Israel police arrested forty doctors, interns, and pharmacists who presented the Health Ministry diplomas from Armenian universities while in reality they studied there for a short time without completing required studies. The suspects then received licenses to engage in medical professions in Israel on the basis of this fraud.
The investigation began following a Health Ministry request to the Israel Police to investigate an anonymous complaint filed with the Ministry.
The investigation was carried out by the Israel Police Northern District Central Unit, who have been conducting protracted covert surveillance. This morning, the suspects' homes throughout the country were staked out and 40 suspects arrested from Kalia in the south to Majdal Shams in the north, among them doctors, interns, and pharmacists working in hospitals or other public health institutions.
The investigation revealed the suspects had studied medicine at various institutions abroad. When they failed to meet the requirements of those institutions for accreditation, they turned to a con artist who had also once failed to complete his medical studies but eventually managed to identify and exploit loopholes allowing him to be certified as a medical graduate.
That impostor referred them to various academic institutions in Armenia, where they traveled and studied in the same institutions for a short period of time, after which they received their graduation certificates without completing the required period of study.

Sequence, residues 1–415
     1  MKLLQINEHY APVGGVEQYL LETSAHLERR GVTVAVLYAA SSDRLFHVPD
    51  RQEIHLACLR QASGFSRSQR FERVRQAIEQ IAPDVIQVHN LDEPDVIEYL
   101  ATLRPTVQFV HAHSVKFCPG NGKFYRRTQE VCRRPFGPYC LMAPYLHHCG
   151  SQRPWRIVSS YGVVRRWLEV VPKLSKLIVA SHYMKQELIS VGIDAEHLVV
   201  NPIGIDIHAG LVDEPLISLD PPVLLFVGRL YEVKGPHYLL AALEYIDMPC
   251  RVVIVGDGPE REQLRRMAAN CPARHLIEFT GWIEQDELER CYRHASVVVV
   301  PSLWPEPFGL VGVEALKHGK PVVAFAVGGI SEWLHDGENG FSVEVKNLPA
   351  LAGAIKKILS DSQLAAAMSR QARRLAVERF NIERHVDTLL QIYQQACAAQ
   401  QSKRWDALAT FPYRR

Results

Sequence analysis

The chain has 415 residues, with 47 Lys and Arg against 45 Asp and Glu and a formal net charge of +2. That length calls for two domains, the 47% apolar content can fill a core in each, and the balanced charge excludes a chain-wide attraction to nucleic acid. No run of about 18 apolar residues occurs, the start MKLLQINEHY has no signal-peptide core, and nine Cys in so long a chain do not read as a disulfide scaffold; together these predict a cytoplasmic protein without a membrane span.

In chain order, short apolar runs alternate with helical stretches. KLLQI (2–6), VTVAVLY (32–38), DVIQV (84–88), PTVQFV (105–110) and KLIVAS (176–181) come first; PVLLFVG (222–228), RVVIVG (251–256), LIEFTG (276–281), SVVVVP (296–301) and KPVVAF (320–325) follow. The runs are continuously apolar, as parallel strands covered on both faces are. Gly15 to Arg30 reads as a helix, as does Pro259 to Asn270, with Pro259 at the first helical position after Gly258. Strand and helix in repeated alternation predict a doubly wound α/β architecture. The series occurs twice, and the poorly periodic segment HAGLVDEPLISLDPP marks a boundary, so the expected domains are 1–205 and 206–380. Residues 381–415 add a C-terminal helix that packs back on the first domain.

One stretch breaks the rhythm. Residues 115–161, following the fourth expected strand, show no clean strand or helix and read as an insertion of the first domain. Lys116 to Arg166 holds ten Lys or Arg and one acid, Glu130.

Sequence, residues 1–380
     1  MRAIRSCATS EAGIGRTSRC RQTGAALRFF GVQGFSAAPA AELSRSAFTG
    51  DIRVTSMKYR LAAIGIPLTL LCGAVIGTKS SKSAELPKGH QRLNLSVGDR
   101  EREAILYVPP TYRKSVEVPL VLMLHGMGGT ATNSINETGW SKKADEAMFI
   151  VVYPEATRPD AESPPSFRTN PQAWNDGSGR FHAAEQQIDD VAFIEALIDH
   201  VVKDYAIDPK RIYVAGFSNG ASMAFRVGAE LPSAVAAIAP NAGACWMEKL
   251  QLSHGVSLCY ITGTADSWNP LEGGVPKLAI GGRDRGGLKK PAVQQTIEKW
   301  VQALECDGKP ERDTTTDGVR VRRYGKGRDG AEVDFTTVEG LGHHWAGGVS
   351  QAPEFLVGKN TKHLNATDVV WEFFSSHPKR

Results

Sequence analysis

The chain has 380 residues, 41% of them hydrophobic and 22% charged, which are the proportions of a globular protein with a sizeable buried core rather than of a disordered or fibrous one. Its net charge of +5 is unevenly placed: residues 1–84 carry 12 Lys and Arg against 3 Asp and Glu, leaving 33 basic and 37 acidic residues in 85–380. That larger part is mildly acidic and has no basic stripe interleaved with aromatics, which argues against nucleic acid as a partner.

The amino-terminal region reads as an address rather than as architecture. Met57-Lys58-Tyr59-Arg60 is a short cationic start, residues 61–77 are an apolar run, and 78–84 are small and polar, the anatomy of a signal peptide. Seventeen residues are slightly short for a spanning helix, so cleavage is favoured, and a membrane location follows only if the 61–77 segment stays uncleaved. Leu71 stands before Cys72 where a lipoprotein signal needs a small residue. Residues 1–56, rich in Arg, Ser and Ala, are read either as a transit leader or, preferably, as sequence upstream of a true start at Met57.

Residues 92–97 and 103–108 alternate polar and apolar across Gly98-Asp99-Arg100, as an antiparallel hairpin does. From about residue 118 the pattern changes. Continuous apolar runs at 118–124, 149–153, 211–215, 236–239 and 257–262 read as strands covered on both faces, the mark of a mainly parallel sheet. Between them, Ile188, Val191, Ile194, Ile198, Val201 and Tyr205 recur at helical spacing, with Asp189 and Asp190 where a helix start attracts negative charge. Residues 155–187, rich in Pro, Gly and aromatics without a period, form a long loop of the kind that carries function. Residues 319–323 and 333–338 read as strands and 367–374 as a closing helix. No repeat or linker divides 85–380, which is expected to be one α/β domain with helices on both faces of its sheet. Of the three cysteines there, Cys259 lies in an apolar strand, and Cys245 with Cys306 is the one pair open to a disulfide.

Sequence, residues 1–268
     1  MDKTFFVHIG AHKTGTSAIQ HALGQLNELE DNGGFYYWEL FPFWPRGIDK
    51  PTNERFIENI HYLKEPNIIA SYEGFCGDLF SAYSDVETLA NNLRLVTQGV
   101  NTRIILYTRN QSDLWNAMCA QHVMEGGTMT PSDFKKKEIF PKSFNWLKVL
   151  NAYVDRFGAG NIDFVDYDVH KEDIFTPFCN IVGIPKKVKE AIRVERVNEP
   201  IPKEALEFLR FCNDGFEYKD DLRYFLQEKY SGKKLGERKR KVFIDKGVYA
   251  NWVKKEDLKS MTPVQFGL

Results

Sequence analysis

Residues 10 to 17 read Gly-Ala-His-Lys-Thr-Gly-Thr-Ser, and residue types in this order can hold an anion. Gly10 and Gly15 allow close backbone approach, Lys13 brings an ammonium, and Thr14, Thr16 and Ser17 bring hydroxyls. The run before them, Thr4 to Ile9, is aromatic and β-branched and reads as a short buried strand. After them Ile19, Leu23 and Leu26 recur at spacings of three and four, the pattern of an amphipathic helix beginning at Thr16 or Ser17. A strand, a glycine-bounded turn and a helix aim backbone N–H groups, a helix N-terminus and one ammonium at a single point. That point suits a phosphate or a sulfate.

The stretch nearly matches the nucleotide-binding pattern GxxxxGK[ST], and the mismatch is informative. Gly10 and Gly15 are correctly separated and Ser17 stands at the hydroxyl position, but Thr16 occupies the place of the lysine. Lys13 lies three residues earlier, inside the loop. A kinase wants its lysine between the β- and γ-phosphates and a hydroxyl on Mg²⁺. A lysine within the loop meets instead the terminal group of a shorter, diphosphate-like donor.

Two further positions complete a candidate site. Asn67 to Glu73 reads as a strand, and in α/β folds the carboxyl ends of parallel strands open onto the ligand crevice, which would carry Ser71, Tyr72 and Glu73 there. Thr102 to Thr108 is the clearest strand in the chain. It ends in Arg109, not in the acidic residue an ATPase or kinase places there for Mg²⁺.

Police say the suspects, who knew they held bogus documents, presented them to the Health Ministry to obtain the coveted medical licenses. Some of them even passed the certification exams and were hired for public positions as doctors or interns in hospitals or other public institutions. One of today's suspects in his 30s, a resident of Ar'ara, was arrested while on duty as a doctor in the internal ward in a recognized Israeli hospital.
In another case, during the arrest of a Tura resident who represented himself as a general physician, the suspect's father was caught fleeing the scene with two weapons, a Kalashnikov and a Carlo. In another case the suspect was a self-employed dentist who previously served a prison sentence for "security offenses".
During the operation Arabic leaflets were seized that stated: "We're glad to announce to students who have difficulty completing their studies - there is possibility to transfer to universities in Armenia, Georgia without losing years from European etc. universities. It can be used for everything from natural medicine, physiotherapy, hearing and speech therapy, to general medicine and dentistry," the leaflet said.
Most suspects will be brought to the Nazareth Magistrate's Court today for a hearing on the police's request to extend their detention.
"The Israel Police will continue to focus enforcement against offenses that harm the safety and health of civilians and will act to bring the perpetrators of the offenses to justice," the police concluded its announcement of the raid.